The world’s largest five freshwater lakes include tropical meromictic, temperate weakly stratified, and temperate holomictic lakes ranging in age from twenty-five million to ~ 10,000 years old. They contain > 50% of Earth’s surface liquid freshwater and 15% of Earth’s lake-water dissolved organic carbon. Large lakes, however, are understudied in terms of carbon cycling, including the roles of dissolved organic matter (DOM) as dissolved organic carbon (DOC), as chromophoric dissolved organic matter (CDOM), and at the compound class or molecular level. Existing data show that the five largest lakes have lower DOC and CDOM concentrations and clearer water than the global lake median. In Baikal, Superior, and Michigan, however, CDOM is the main non-water absorber of visible light. DOM in these three lakes contain a large proportion of reworked, terrestrially-derived organic matter. Isotopic data for Lake Superior show that its DOM consists of carbon converted into organic matter in the previous decade, though it is difficult to resolve if this organic matter is terrestrial or autochthonous material. No DOC or CDOM characterization or reactivity data exist for the tropical large lakes. Large lakes seem to fall on a continuum with smaller lakes and ocean water, in which water residence time (WRT) and DOC age are linearly related and DOC concentration is negatively correlated with log(WRT). However, existing data are sparse and the mechanisms behind these trends remain to be determined.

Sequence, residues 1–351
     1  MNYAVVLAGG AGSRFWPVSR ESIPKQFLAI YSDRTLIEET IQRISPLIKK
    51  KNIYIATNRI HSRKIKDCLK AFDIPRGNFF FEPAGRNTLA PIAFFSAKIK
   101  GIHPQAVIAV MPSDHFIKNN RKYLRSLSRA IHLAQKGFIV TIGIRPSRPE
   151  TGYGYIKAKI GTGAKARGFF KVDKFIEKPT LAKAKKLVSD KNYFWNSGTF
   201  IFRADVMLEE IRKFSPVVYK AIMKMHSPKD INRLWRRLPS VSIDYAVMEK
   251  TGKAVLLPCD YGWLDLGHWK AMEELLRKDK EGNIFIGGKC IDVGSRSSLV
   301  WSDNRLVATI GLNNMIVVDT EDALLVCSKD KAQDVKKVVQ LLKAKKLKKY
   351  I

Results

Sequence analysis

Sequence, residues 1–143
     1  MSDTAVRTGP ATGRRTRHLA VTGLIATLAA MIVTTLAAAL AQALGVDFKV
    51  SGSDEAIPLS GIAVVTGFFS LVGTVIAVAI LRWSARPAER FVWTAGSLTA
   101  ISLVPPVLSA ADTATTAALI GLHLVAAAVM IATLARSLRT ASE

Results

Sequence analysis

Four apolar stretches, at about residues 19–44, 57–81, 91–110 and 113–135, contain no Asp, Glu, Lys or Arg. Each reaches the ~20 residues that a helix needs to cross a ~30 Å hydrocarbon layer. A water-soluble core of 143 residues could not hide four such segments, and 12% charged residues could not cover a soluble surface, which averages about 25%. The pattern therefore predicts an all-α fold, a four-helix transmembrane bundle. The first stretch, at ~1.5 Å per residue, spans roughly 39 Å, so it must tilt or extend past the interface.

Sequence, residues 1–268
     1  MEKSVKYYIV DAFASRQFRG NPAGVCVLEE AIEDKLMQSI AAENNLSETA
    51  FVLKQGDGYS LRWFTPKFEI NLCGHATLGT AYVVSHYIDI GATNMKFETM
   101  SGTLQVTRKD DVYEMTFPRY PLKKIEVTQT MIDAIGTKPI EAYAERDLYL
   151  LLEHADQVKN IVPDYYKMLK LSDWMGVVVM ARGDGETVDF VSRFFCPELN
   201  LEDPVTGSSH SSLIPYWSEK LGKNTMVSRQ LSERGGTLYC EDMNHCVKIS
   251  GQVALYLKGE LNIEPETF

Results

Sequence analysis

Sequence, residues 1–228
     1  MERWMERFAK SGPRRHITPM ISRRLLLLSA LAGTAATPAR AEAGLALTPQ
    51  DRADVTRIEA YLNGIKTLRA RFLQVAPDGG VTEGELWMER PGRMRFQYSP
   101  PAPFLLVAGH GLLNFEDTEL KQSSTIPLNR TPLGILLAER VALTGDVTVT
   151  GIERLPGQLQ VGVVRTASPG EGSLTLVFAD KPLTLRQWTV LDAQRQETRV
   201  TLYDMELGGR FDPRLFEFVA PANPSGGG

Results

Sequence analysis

Bibliographical noteFunding Information:
This work was funded in part by a sabbatical leave to ECM from the University of Minnesota Duluth. Additional funding came from the Minnesota Environment and Natural Resources Trust Fund as recommended by the Legislative-Citizen Commission on Minnesota Resources (LCCMR) and the National Science Foundation (Grant OCE 0825600 to ECM). The authors thank Dr. Penny Johnes and the organizers and participants of the “Dissolved organic matter in freshwaters: nature, origins and ecological significance meeting” (Royal Society, January 20 & 21, 2020) for encouragement and discussion that led to this paper. Thanks also to Robert Sterner (Large Lakes Observatory) and 2 anonymous reviewers whose comments significantly improved the manuscript.
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